MIDDLETOWN, Ohio — Brittany Gosney and James Hamilton couldn’t agree on when they had last seen Gosney’s 6-year-old son, James Hutchinson, when they reported him missing Sunday morning. Maybe it was Friday morning. Maybe it had been Saturday night.
This was unusual, Middletown police chief Maj. David Birk said Monday afternoon. Most parents of missing children report within a few hours.
“The whole situation was just red flags all over,” he said.
Two arrests and a confession later, police charged Gosney with killing her son, concealing his body in her home and discarding it in the Ohio River. Hamilton, her boyfriend, stands charged with abuse of a corpse and tampering with evidence.
According to court documents, Gosney drove from Middletown to Preble County, Ohio, with her three children on Friday and tried to abandon Hutchinson — a first-grader described by his principal as a “happy and joyful soul” — in Rush Run Park.
He tried to hold on to her car as she drove away, according to court documents. Gosney dragged him until he let go.
She told police she returned to the park 30 minutes later and discovered him dead in the parking lot.
Birk said police hope finding Hutchinson’s body will help them learn more about exactly how he died. Until an autopsy can be performed, a 30-minute gap exists between the moment Hutchinson let go of the car and the moment his mother claimed to have come back.
“We don’t understand it either,” Birk said of Gosney’s motives. “That’s something that she can only answer, and again — conflicting stories back and forth.”
He added that Gosney indicated she had planned to abandon all three of her children but left only Hutchinson in the lot.
After her son’s death, Gosney picked up his body and drove to 507 Crawford Street in Middletown, where she lives with Hamilton. She kept the body in an upstairs bedroom until the next day, when she drove an hour away to Lawrenceburg, Indiana, and dumped it in the Ohio River, police said.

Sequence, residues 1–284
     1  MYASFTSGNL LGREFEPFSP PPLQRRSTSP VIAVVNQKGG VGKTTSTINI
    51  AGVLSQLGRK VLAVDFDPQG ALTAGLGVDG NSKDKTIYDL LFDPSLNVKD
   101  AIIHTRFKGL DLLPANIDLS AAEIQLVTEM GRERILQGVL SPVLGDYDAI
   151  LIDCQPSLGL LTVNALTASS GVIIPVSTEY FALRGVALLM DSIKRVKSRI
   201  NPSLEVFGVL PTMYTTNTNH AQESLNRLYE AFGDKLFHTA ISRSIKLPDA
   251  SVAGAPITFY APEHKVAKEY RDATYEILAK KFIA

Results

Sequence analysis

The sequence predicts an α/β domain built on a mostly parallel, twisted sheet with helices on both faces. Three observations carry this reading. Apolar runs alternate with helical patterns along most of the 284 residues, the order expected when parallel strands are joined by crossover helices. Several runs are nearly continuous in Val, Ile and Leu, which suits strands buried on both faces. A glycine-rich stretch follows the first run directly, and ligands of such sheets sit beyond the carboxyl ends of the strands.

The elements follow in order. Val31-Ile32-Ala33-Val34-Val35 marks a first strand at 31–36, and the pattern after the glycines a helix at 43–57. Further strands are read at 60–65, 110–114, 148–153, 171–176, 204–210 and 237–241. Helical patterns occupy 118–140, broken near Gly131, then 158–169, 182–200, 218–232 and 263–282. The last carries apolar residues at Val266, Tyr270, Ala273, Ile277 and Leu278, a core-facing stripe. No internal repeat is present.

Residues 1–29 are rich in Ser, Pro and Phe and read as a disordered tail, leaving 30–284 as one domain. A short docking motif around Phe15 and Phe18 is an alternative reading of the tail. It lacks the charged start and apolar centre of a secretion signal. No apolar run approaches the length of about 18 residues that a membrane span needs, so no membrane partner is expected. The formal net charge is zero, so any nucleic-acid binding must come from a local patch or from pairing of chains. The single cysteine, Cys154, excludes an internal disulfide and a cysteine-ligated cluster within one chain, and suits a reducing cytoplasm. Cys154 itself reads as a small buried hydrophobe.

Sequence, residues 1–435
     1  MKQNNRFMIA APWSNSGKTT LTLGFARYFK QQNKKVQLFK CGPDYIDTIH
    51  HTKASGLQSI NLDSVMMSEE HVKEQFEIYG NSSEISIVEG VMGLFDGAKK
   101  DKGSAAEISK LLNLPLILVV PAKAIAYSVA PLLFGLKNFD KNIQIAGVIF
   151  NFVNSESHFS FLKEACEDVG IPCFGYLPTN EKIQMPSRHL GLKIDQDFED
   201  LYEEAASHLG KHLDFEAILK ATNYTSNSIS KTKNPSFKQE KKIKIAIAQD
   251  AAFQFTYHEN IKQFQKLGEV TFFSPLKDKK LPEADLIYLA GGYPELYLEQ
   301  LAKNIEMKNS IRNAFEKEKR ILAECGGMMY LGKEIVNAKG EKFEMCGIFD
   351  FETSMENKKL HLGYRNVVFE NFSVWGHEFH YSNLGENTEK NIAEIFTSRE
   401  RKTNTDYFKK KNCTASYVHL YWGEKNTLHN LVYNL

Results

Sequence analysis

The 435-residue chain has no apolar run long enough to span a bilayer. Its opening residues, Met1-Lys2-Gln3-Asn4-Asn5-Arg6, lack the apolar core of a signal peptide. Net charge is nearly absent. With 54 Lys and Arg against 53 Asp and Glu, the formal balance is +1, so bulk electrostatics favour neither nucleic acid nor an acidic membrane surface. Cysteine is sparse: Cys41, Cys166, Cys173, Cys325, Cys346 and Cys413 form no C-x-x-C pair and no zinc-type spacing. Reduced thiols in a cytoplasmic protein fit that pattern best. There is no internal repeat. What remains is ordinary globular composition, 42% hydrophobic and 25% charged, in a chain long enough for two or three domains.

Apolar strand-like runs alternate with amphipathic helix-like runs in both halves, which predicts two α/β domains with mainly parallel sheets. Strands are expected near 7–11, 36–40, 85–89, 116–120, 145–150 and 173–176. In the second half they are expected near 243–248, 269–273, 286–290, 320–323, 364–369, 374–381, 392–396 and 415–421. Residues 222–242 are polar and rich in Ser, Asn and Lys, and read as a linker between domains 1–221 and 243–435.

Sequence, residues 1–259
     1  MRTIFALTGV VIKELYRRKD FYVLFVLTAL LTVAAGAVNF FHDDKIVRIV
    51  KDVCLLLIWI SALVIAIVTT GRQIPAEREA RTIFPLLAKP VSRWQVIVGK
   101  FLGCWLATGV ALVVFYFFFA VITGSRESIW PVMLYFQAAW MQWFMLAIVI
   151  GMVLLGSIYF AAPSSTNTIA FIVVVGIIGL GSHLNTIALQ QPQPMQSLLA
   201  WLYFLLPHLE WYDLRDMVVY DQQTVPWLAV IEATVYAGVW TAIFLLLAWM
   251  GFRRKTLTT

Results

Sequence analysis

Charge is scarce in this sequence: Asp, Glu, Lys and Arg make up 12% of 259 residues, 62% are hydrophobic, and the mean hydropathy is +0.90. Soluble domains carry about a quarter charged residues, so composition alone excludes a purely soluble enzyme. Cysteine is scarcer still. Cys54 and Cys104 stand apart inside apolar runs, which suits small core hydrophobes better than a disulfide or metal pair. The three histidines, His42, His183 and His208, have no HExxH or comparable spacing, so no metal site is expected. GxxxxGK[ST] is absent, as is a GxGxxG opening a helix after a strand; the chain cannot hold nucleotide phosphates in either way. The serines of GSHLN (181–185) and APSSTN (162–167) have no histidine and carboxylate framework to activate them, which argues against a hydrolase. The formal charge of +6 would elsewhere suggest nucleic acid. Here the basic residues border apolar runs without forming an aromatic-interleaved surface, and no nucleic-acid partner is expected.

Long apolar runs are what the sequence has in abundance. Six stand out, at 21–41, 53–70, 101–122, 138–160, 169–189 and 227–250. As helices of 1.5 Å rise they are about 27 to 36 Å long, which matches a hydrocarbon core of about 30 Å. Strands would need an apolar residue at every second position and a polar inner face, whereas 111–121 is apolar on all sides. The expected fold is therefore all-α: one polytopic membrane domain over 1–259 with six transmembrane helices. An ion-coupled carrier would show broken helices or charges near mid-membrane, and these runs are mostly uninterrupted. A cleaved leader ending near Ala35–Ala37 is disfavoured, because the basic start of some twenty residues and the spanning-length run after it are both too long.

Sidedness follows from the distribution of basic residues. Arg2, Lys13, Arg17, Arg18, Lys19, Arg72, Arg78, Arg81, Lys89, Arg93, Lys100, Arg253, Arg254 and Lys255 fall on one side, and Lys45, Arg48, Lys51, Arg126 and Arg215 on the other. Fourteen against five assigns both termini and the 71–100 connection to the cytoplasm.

The body had not been recovered by Monday afternoon.
“Most of our officers have kids,” Birk said. “My kids are much older, but this has really touched my soul and my heart. … Poor 6-year-old has no idea what’s going on and what’s happening, and for the other kids to go through this, too, it’s just heartbreaking.”
Gosney had periodic interactions with children’s and family services in the past, according to Birk; her children were in and out of Middletown City Schools, and their family occasionally lived in hotels.
Hutchinson’s two siblings, both of whom were second-graders, have been removed from Gosney’s care and placed with a foster family. A fourth child, over whom Gosney lost custody prior to Hutchinson’s death, has been in the care of the state for some time.
Birk said Hamilton had been cooperative when questioned by police, but Gosney showed little remorse.
Hutchinson was a first-grader at Rosa Parks Elementary School, where principal Tracy Neeley described him as a happy, outgoing student.
"We are all mourning the loss of our friend James today," she wrote in a statement Monday morning. "James was a happy and joyful soul who loved school. On the days he was in class, he would give hugs to all his teachers as he walked into school. A fun memory I have is the way his face would light up when he won the lucky lunch tray! First-graders can find the joy in just about anything. I will always remember his bright joy."
Gosney and Hamilton are both being held on bond at the Middletown City Jail.